Tuesday, January 14, 2020

Connecting faith and life

I few posts back I wrote about "Real Value in Christian education" and mentioned several aspects of a Christ-centered education that provide unique and powerful connections between life and learning. We can now look more closely at the first of these connections:
  1. Christ-centered education connects faith to life (God's law is central to all learning and to all decisions because I know He desires what is best in the long term.)
First, it would be helpful to have a clear understanding of what is meant by "faith" and by "life". Faith, in particular, is a difficult term these days. It can refer to a set of beliefs about God or about anything else. It can also mean that you "trust" something or someone in the sense that you believe it will happen or that person will be true to their promise. This is the context of the Greek word πίστις (pístis), which can also be translated as "belief", "faithfulness", or "trust". Webster's definition is 1 a : devotion to duty or a person : LOYALTY b : the quality of keeping one's promises. 2 a : belief and trust in and loyalty to God b : belief in the doctrines of a religion c : firm belief even in the absence of proof d : complete confidence. This is not quite the same as Mark Twain's comment that "Faith is believing what you know ain't so".

But, as I read the Bible, I see a deeper context for understanding faith. First, real faith always results in action. This is what led Abram to leave his home for a land that God had promised and even to risk everything to obey God's direction to sacrifice his son. This is faith that sees beyond the material and the short-term for something much bigger. Of course there were serious problems and mistakes along the way because those people who tried to live by faith did not always accomplish this. But God was gracious and provided what was needed, sometimes at the last moment. God is faithful even when we are not. In this sense, faith is the living out of our beliefs in our daily activities and relationships.

There is another aspect of faith that is connected to the word "fear". When we fear that something will go wrong or we will get hurt, this is also a "confidence" that our actions or the actions of others will have a certain consequence. Therefore, it is wise to avoid those situations or people who will cause damage because we have a healthy fear of them. So, when we read in the Proverbs that "the fear of God is the beginning of wisdom", we can be confident that God is always able to do what He says He will do. Sometimes this is a promise for our good and at other times it is assurance that those who do evil, who are unjust, unmerciful or mock God's name, image or character, will receive appropriate punishment from Him. Faith in God, much more than faith in man, directs us to do what is right in God's eyes and is also a blessing to us and to others. This faith comes from a righteous "fear of God" and overrules any "fear of man" because we know that God always has the greater power and will judge men by their motives as well as by their words and actions.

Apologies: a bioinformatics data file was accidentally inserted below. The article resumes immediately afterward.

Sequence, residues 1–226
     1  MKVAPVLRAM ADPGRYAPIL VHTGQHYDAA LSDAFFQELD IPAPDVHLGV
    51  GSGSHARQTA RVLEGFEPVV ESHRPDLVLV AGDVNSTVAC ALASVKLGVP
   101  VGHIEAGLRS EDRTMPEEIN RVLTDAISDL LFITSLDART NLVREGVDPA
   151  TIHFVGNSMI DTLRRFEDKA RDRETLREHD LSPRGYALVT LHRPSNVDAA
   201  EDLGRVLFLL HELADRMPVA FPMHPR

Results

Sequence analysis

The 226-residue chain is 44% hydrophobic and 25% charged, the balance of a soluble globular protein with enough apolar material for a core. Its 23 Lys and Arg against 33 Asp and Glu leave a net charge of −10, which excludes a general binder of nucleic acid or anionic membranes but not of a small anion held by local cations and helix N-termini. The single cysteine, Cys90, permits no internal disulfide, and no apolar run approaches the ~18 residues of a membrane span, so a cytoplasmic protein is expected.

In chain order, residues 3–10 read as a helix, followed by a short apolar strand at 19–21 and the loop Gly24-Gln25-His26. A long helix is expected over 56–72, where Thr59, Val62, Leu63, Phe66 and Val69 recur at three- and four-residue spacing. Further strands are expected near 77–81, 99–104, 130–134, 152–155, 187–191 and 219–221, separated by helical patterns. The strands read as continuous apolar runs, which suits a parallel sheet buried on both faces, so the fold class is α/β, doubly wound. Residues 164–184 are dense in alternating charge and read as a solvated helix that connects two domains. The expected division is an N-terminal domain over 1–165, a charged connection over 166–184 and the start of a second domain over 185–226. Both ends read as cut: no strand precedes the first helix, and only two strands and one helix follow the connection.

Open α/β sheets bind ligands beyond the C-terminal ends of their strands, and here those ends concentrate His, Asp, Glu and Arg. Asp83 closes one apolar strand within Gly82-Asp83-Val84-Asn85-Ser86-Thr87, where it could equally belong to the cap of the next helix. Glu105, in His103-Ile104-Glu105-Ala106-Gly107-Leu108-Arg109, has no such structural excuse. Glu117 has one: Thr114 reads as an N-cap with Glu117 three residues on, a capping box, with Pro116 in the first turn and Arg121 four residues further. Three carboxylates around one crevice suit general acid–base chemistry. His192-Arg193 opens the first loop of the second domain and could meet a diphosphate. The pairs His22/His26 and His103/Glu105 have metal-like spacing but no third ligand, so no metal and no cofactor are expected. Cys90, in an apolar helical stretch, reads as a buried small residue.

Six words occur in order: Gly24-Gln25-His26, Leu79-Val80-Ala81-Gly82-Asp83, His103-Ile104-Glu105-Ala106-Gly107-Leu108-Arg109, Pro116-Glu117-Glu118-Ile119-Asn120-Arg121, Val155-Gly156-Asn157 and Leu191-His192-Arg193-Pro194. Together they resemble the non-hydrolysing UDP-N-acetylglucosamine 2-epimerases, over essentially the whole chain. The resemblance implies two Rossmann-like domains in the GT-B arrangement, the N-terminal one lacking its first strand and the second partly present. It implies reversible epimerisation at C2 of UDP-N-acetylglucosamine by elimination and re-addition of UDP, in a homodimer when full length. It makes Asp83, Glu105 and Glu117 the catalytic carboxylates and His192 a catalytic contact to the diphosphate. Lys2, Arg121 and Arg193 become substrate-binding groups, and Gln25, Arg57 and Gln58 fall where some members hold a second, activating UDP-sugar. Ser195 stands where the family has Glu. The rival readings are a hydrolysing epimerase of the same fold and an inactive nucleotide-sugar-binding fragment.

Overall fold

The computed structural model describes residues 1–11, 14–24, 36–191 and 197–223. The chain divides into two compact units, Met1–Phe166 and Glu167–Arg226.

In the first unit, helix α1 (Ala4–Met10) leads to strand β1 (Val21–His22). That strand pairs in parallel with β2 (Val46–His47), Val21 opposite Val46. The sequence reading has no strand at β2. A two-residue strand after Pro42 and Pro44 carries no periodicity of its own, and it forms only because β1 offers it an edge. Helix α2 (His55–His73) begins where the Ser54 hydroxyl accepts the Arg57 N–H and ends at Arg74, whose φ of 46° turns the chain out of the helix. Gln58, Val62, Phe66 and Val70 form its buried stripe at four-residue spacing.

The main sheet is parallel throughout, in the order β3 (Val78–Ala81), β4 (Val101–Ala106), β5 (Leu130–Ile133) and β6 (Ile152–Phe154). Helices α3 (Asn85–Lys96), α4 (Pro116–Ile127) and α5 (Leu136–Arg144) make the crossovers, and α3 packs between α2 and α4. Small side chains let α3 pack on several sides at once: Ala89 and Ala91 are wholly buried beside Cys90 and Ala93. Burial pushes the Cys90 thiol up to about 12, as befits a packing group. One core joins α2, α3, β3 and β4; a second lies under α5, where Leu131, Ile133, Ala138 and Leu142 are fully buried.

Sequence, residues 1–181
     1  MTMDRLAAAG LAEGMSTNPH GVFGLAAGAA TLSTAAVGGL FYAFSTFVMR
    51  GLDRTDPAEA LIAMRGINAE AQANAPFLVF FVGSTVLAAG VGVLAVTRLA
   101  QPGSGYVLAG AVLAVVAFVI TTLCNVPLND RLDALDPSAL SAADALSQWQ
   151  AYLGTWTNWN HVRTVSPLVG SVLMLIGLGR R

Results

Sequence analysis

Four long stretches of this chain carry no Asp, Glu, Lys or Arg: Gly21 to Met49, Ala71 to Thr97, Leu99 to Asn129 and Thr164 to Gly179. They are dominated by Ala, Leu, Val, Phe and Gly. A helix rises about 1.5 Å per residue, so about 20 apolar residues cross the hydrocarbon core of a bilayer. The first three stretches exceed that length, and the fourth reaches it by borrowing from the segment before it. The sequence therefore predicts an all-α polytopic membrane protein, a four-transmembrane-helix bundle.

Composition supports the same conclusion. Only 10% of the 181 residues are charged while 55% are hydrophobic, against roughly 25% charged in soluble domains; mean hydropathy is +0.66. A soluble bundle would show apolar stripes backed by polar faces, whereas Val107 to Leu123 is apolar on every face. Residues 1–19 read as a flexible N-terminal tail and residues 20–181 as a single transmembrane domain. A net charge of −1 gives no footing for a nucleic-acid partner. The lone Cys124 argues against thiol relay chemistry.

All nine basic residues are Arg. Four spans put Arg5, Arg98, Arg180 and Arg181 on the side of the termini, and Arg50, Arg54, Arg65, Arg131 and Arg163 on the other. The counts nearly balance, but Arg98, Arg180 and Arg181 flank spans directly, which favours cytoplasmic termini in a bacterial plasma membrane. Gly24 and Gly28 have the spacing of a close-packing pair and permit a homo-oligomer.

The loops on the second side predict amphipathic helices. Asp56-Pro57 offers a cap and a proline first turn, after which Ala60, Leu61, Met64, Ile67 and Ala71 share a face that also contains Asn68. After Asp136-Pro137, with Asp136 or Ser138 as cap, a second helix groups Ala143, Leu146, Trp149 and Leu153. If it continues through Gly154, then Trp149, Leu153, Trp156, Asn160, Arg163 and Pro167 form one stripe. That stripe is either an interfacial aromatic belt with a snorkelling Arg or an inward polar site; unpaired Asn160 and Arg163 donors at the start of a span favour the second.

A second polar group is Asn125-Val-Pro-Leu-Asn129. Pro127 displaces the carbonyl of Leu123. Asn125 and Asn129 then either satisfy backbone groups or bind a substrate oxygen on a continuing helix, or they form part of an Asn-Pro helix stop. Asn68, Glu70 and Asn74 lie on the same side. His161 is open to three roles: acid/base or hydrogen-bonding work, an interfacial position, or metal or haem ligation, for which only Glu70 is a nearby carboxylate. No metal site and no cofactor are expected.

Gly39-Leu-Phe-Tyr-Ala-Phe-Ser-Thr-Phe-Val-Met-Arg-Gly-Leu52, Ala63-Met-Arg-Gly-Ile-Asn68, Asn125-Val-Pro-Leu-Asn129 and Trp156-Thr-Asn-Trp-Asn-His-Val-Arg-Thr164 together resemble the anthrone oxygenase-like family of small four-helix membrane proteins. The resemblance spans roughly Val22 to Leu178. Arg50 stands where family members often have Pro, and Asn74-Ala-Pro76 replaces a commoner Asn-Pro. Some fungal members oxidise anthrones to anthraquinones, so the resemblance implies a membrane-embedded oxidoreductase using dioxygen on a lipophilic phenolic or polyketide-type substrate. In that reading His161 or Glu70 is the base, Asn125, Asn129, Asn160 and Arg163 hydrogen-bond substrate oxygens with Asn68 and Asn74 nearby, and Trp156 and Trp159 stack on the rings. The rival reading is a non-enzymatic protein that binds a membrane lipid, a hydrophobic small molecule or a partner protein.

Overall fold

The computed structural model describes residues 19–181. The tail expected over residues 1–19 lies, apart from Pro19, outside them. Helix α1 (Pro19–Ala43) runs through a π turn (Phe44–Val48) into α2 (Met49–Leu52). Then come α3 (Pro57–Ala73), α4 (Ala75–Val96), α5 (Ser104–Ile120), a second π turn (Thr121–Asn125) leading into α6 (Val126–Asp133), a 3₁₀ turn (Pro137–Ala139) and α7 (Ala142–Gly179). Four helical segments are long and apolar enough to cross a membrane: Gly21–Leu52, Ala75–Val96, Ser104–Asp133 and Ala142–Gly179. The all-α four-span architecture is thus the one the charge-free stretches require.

When we define "life", we must mean more than life in the physical sense. Animals and plants are alive, and may have a certain sense of satisfaction from living, but they don't contemplate or celebrate life in a spiritual dimension. Life should be more than survival, but rather a joyful, purposeful state of mind and heart, a knowledge and appreciation of growth in every area while in community with others who share that knowledge and appreciation.

This leads us to Isaiah 55, a rich example of the connection between faith in God and life in the context of learning.
Ho! Everyone who thirsts, come to the waters; and you who have no money, come, buy and eat. Yes, come, buy wine and milk without money and without price. Why do you spend money for what is not bread, and your wages for what does not satisfy? Listen carefully to Me, and eat what is good, and let your soul delight itself in abundance.
This is also the message of the Gospel: God is calling us out of our pain, our alienation, our confusion, our sin, into a full and deep understanding of Him and His truth. This truth stands in sharp contrast to the voices of our culture and the conflicting voices of our own soul about who we are. It is only in the recognition of His truth (as made clear in Scripture) that we can understand that His grace reaches even to us, who live so far from that truth.

Here we see that God's intention is for our good and our blessing. But it is not for us alone. We are blessed fully when we are also a channel of blessing for others. This can be seen in the 10 Commandments or "10 Words" which God has provided for us and are also summarized in Matthew: Love God and your neighbor. You can read more about how the 10 Words are a foundation for blessing on my post and I would also suggest Dennis Prager's book or video for an introduction to further study.

God's Law is not restrictive in a harmful sense but provides boundaries and direction in life in order to guide and stimulate our growth and our reinvestment into His Creation and every aspect of life and relationship. When these boundaries and truths graciously underpin the context of learning, they provide meaning and purpose in the learning process, leading us to a life of blessing and productivity with an eternal purpose.

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